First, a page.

HYCRUDE Corporation recommends $1.6 million in FY'87 for continuing Eastern oil shale support research activities.


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Environmental Studies:

In addition to the environmental process research, it is necessary to conduct environmental studies. These studies should address topics such as the seasonal availability of water.

Baseline data on existing point sources of sulfur and nitrogen oxides should also be gathered.

The results of these studies will provide direction for retorting process optimization (i.e. water consumption and/or product gas desulfurization and denitrification).

HYCRUDE Corporation recommends $1.6 million in FY'87 for continuing environmental studies.


Senator Evans. Thank you very much.
Mr. Webb.

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Mr. WEBB. Thank you, Senator Evans. I am David Webb, vice president of the Gas Research Institute. I appreciate the opportunity to appear before you today to present GRI's views and the fiscal year 1987 budget recommendations for gas-related research in the Department of Energy's fossil conservation and renewable programs.

GRI supports the need to reduce expenditures as Congress intended when it passed the Gramm-Rudman-Hollings bill. Therefore, the GRI recommendation is for a $121 million core program for gas-related research in the DOE budget. This recommendation is approximately 11 percent lower than the fiscal year 1986 congressional appropriations of $135 million for these same projects.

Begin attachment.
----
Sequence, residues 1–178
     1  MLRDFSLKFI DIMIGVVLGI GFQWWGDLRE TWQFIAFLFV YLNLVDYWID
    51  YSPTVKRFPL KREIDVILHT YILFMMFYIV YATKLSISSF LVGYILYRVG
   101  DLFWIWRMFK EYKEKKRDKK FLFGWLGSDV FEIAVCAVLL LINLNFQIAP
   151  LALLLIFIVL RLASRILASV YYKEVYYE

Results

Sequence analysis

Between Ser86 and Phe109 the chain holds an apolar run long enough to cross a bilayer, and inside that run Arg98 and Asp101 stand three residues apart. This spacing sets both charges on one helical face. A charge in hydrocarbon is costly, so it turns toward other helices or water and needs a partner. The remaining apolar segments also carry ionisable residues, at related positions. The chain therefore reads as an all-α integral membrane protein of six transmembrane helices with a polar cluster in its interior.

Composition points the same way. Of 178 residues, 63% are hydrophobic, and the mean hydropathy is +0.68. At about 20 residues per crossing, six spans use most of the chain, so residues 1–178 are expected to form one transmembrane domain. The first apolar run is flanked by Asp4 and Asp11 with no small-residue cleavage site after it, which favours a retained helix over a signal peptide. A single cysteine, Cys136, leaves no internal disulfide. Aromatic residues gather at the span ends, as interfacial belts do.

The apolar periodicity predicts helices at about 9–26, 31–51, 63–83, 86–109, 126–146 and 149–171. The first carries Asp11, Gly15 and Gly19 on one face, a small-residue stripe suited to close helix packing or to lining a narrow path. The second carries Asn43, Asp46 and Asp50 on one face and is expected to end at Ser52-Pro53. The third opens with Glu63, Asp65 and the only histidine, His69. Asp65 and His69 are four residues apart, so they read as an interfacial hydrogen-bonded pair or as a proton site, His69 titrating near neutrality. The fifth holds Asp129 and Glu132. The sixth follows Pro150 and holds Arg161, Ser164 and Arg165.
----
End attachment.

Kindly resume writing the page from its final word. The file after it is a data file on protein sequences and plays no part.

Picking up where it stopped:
Central to GRI's recommendation is that the gas industry through GRI is planning to commit $161 million of gas industry funds to associated near-term research in these same areas, which more than matches the DOE budget recommendation.

Even though GRI is not a Government contractor and does not accept Federal funds, GRI cofunds many of its research programs with DOE. Therefore, the actions of Congress on the DOE budget do have a direct impact on the gas industry's and GRI's research programs.

In examining the fiscal year 1987 budget request, I think it is important to note that the proposed $12.1 billion DOE budget assigns $8.2 billion or two-thirds of the funds for defense activities. At the same time, new budget authority for the combined research in fossil, conservation, and renewable energy R&D is reduced by 74 percent from $717.5 million in fiscal year 1986 to only $186 million in fiscal year 1987.

To further illustrate this dramatic policy shift, the proposed DOE fiscal year 1987 budget request for the strategic defense initiative program is $604 million-three times the new budget authority for the combined fossil, conservation, and renewable solar programs.

This does not represent sound national energy policy. If Federal energy R&D funding continues this downward spiral, in a few years the Nation will once again find itself faced with rapidly rising levels of oil imports. Terminating ongoing energy R&D programs invites severe problems in meeting future energy demands.

The urgency and necessity of maintaining a viable Federal energy R&D program becomes self-evident when we examine where the United States is projected to get the major portion of its energy supplies during the next 25 years. In 1984 the United States received 90 percent of its energy from fossil fuels. GRI's projections indicates that in the year 2010, the United States will still meet more than 75 percent of its energy needs from fossil fuels. Yet, the DOE budget has proposed to assign less than 2 percent of its new budget authority in 1987 for research in fossil, conservation, and renewable energy.